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An Overview of AspectJ Sabine Hauert. Today's Deserts  Whipped introduction served with its three berries syrup  Chocolate history soufflé  Design.

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Presentation on theme: "An Overview of AspectJ Sabine Hauert. Today's Deserts  Whipped introduction served with its three berries syrup  Chocolate history soufflé  Design."— Presentation transcript:

1 An Overview of AspectJ Sabine Hauert

2 Today's Deserts  Whipped introduction served with its three berries syrup  Chocolate history soufflé  Design assumptions sunday with pecans  Language sorbet with a choice of the following flavors:  Join point madness  Too sophisticated point cuts  Advice for the mindless  Aspects with an attitude  Orange implementation fluffy mousse  Too good to dare conclusions

3 Introduction  What is AspectJ?  Aspect oriented programming (AOP) extension to Java

4 Introduction  What is AOP?  Separation of concerns  Modularity  No more tangled code  Simplicity  Maintainability  Reusability  Aspects  encapsulate behaviors that affect multiple classes (OO) into reusable modules.

5 Introduction  What is a crosscutting concern?  Behavior that cuts across the typical divisions of responsibility, such as logging or debugging  A problem which a program tries to solve.  Aspects of a program that do not relate to the core concerns directly, but which proper program execution nevertheless requires.

6 History  Developed at Xerox PARC (Palo Alto RC)  Launched in 1998  PARC transferred AspectJ to an openly- developed project in December of 2002. For more info:

7 Design assumptions  Real Community Users  Writing aspects  Reading aspects  Idioms  How effective for concerns  Modular,reusable and easy to develop and maintain  Java compatibility  Upward compatibility  Platform compatibility  Tool compatibility  Programmer Compatibility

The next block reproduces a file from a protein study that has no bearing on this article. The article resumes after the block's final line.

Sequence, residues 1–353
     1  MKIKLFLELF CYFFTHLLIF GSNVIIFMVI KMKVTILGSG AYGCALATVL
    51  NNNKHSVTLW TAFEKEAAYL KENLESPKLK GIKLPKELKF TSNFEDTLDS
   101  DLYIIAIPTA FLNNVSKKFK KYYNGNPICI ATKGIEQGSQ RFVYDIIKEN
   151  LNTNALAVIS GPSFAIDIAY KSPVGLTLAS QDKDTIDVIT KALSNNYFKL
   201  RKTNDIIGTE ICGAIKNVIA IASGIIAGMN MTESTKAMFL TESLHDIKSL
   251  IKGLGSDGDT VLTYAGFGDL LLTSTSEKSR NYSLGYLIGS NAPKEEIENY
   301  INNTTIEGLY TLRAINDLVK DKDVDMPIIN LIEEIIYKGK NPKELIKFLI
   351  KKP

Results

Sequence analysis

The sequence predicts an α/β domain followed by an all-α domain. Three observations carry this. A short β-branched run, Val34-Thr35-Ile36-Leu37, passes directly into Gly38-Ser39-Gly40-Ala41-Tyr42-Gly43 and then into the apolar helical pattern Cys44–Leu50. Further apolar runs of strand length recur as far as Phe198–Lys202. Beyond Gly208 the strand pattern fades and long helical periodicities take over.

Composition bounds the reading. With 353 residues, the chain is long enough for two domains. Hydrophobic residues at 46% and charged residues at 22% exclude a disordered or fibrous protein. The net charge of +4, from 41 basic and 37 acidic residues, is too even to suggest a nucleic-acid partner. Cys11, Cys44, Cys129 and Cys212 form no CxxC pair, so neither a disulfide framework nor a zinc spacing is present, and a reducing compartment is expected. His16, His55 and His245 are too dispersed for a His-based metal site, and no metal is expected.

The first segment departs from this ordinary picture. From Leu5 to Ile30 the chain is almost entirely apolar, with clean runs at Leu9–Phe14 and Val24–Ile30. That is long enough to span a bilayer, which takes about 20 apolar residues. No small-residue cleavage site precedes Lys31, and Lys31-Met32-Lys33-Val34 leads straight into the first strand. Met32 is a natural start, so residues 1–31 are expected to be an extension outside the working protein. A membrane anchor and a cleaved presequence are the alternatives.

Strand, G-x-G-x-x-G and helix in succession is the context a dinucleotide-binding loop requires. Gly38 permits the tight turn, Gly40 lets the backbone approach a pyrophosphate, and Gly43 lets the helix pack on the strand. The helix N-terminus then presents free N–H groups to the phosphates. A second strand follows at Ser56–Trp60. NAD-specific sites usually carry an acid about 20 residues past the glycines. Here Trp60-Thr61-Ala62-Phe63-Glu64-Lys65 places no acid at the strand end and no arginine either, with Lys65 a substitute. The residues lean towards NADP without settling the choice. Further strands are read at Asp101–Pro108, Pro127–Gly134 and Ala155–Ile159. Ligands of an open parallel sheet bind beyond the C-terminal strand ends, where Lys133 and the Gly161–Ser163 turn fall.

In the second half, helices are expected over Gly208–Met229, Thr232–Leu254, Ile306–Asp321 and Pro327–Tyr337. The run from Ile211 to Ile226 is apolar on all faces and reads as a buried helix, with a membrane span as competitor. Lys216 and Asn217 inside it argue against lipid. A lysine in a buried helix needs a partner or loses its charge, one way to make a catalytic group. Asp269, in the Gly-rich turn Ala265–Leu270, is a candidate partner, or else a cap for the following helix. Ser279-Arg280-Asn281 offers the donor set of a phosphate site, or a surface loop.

8 Language Dynamic VS Static crosscutting  Dynamic crosscutting  define additional behavior to run at certain well-defined points in the execution of the program  Static crosscutting  modify the static structure of a program (e.g., adding new methods, implementing new interfaces, modifying the class hierarchy)

9 Language Join Points  Well-defined points in the execution of a program:  Method call, Method execution  Constructor call, Constructor execution  Static initializer execution  Object pre-initialization, Object initialization  Field reference, Field set  Handler execution  Advice execution

10 Language Join Points public class Point { private int x; private int y; public Point(int x, int y) { this.x = x; this.y = y; } public void incrXY(int dx, int dy){ x=+dx; y=+dy; } … } public class Test{ public static void main(String[] args) { Point pt1 = new Point(0,0); pt1.incrXY(3,6); } Method-execution “Test.main(..)” Staticinitialization “Point._clinit_” Constructor-call “Point(..)” Preinitialization “Point(..)” Initialization “Point(..)” Constructor-execution “Point(..)” Field-set “Point.x” Field-set “Point.y” Method-call “Point.incrXY(..)” Method-execution “Point.incrXY(..)” Field-set “Point.y” Field-set “Point.x”

11 Language Pointcuts  A set of join point, plus, optionally, some of the values in the execution context of those join points.  Can be composed using boolean operators ||, &&  Matched at runtime

12 Language Example

13 Language Pointcut examples call(public void Point.setX(int)) Matches if the join point is a method call with this signature. call(public void FigureElement.incrXY(int,int)) Matches if the join point is a method call to any kind of figure element. call(public void Point.setX(int))|| call(public void Point.setY(int)) Matches any call to setX OR setY !this(FigureElement)&& call(public void FigureElement.incrXY(int,int)) Matches all method calls to incrXY that come from an object of another type, as well as calls from static methods

14 Language User-defined pointcut desigantors. Pointcut moves(): call(void FigureElement.incrXY(int,int))|| call(void Line.setP1(Point)) || call(void Line.setP2(Point)) || call(void Point.setX(int)) || call(void Point.setY(int)) moves()

15 Language Advice  Method-like mechanism used to declare that certain code should execute at each of the join points in the pointcut.  Advice:  before  around  after  after returning  after throwing